Welcome to the first Linux newsletter of February. (There's no truth to the rumor that if Linus saw his shadow yesterday, there would be six more weeks of code freeze before 2.6 prereleases.) Here are the new articles this week on ONLamp.com:
Probability and math have been popular among the anti-spam folks this past year, and no idea has been hotter than that of Bayesian filtering. By analyzing known good versus known spam messages, it's possible to tailor a filter that can predict the classification of a message with amazing accuracy. That's nice, but where does it leave the non-math geeks? Fortunately, Oktay Altunergil explains how to install a Bayesian filtering package called bogofilter. He also shows how to use it with the powerful and fast Sylpheed-claws email client. Read more in Bayesian Filtering with bogofilter and Sylpheed Claws.
Perhaps the most commonly exploited security flaw (at least from a programming standpoint--social engineering is alive and well) is the shameful buffer overflow. While there are ways to avoid this flaw, the sheer amount of useful code that has yet to be audited is overwhelming. Fortunately, there are techniques to minimize the damage even if a program can be exploited. Emmanuel Dreyfus takes a break from emulating other operating systems on NetBSD to explain chroot Jails.
Speaking of security flaws, Noel Davis' latest Security Alerts points to remote holes in CVS and dhcp, among other applications. If this is news to you, read this article first!
Michael Lucas, the intrepid BSD columnist, returns this week with an interesting take on security. Recent developments in the BSDs make it possible not only to trace the system calls that applications make, but to allow or deny them based on all sorts of criteria. If you're not sufficiently paranoid yet, read more in Systrace Policies. Part two will be published soon.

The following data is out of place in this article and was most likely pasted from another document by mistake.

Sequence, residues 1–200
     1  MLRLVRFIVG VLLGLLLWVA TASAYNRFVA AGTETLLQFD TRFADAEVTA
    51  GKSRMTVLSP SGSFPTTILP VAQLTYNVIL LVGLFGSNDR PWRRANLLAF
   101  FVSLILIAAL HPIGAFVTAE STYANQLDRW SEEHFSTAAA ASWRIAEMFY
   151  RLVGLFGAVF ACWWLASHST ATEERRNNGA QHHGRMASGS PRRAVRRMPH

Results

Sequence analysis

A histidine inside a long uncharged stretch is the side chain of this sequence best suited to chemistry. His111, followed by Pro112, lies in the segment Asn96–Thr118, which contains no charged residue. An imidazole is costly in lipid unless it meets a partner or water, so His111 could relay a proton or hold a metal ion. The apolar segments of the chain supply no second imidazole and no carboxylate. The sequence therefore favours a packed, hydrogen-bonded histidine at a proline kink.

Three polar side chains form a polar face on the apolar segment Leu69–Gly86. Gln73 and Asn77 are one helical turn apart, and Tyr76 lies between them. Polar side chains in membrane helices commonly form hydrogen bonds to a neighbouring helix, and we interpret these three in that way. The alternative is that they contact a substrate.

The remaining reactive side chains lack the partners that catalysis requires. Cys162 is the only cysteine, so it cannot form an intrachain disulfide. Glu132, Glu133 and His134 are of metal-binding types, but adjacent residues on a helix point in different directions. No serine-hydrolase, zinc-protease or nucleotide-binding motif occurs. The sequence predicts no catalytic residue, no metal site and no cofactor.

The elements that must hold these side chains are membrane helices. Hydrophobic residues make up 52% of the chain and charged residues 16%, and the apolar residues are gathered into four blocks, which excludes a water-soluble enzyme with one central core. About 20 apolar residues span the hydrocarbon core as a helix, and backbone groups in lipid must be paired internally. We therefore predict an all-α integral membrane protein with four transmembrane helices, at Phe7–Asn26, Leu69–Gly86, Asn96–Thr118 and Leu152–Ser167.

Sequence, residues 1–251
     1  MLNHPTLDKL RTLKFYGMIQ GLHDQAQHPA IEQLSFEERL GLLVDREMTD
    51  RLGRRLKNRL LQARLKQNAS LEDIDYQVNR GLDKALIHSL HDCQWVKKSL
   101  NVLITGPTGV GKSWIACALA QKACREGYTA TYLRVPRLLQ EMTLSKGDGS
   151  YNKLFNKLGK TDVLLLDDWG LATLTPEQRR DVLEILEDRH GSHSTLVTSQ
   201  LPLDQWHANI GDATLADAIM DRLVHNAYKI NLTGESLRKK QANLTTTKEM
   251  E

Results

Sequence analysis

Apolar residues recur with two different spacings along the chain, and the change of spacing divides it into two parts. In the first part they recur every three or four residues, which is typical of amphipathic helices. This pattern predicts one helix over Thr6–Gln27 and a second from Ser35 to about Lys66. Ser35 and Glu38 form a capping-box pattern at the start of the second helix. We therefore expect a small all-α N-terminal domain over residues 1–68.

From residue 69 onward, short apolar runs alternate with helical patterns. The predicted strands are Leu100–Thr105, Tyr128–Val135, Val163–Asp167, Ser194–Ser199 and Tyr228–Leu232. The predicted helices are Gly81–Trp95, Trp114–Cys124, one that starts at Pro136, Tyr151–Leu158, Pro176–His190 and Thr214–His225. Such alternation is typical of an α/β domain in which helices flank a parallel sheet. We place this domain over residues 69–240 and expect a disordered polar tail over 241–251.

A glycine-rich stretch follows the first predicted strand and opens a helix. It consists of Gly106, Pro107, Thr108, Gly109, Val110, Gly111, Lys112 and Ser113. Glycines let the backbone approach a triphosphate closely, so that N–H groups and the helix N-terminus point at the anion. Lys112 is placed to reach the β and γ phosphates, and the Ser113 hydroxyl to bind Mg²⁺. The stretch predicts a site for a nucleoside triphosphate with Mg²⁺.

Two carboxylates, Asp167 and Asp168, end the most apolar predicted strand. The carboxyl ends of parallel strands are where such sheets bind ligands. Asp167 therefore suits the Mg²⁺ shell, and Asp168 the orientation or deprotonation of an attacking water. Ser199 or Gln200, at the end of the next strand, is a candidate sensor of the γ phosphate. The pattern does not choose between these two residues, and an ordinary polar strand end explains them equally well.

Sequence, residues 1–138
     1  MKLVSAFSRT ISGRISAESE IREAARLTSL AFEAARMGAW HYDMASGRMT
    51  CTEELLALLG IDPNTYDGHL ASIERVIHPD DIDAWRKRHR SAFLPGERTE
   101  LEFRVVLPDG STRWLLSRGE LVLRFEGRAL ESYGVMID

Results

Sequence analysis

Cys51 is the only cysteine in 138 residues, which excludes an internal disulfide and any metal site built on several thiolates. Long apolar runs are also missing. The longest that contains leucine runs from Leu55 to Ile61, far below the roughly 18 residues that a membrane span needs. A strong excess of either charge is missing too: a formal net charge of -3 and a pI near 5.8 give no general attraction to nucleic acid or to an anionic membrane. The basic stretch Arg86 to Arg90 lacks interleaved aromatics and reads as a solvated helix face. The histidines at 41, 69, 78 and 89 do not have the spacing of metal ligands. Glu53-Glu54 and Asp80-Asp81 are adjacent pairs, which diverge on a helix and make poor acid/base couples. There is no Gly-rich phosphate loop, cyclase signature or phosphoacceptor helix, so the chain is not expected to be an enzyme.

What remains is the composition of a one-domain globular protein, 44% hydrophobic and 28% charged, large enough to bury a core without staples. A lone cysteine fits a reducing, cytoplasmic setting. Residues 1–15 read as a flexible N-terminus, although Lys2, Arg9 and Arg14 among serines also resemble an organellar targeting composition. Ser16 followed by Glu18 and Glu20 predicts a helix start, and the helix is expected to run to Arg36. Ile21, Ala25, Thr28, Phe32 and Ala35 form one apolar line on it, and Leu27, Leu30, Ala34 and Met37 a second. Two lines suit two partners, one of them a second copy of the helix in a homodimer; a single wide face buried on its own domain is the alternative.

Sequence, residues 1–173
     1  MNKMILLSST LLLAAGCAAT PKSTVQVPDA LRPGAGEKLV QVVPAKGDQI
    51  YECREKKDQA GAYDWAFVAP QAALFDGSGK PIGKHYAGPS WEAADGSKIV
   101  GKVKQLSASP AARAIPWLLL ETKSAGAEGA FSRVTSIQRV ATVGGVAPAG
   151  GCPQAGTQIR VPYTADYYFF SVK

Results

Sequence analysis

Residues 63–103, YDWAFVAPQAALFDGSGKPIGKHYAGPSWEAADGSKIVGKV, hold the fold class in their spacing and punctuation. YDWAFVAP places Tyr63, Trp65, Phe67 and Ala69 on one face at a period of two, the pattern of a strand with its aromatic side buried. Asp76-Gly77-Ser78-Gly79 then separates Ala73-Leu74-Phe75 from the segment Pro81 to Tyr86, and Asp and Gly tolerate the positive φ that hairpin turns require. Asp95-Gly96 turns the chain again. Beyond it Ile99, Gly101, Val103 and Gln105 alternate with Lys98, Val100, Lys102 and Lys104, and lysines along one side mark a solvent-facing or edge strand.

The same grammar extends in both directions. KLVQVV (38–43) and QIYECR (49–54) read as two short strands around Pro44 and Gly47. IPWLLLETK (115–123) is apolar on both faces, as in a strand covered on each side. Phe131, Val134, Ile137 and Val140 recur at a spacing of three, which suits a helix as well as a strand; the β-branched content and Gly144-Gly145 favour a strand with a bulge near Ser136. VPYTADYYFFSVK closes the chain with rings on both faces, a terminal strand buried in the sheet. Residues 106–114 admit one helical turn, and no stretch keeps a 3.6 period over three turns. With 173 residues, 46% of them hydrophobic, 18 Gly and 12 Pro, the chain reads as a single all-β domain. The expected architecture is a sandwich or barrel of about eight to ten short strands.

Also, Iljitsch van Beijnum, still the author of BGP, has written a short personal account of his Network Impact of the MS SQL Worm. It's interesting--and more than a little frustrating--that with Code Red, SQL Slammer, and Nimda, customers who use Microsoft software but don't keep up to date with patches and security are causing so much trouble to the rest of the Internet.
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Betsy Waliszewski, fabulous Linux marketing person, has announced the winners of the LinuxWorld drawing. They are:
Finally, there's still time to get your proposals in for OSCON 2003. You have 12 days.
Until next week,
Network Impact of the MS SQL Worm
Iljitsch van Beijnum, the author of BGP and a network manager, describes how he dealt with the MS SQL worm attack.
NetBSD and OpenBSD have an interesting new system policy manager called systrace. With the proper policies, system administrators can control which system calls can be made and how. Michael Lucas explains how this works and how to understand -- and write -- a good policy file.
Noel Davis looks at problems in Concurrent Versions System (CVS), DHCP, slocate, Vim, Linux printer drivers, susehelp, fnord, mpg123, Astaro Security Linux firewall, and phpLinks.
Odds and Ends
The end of year holidays bring a chance to reconnect with friends, family, and Unix. At least, they do in Dru Lavigne's household. The FreeBSD columnist shares a few odds and ends on getting to know Unix better.
Securing Systems with chroot
Recently, support was added to the NetBSD Operating System to run the Network Time Protocol Daemon (ntpd) under an unprivileged user ID in a chroot jail. In the first of two articles, Emmanuel Dreyfus explains buffer overflows -- a typical Unix security flaw, then explains a chroot jail and the motivation for running a program in it.
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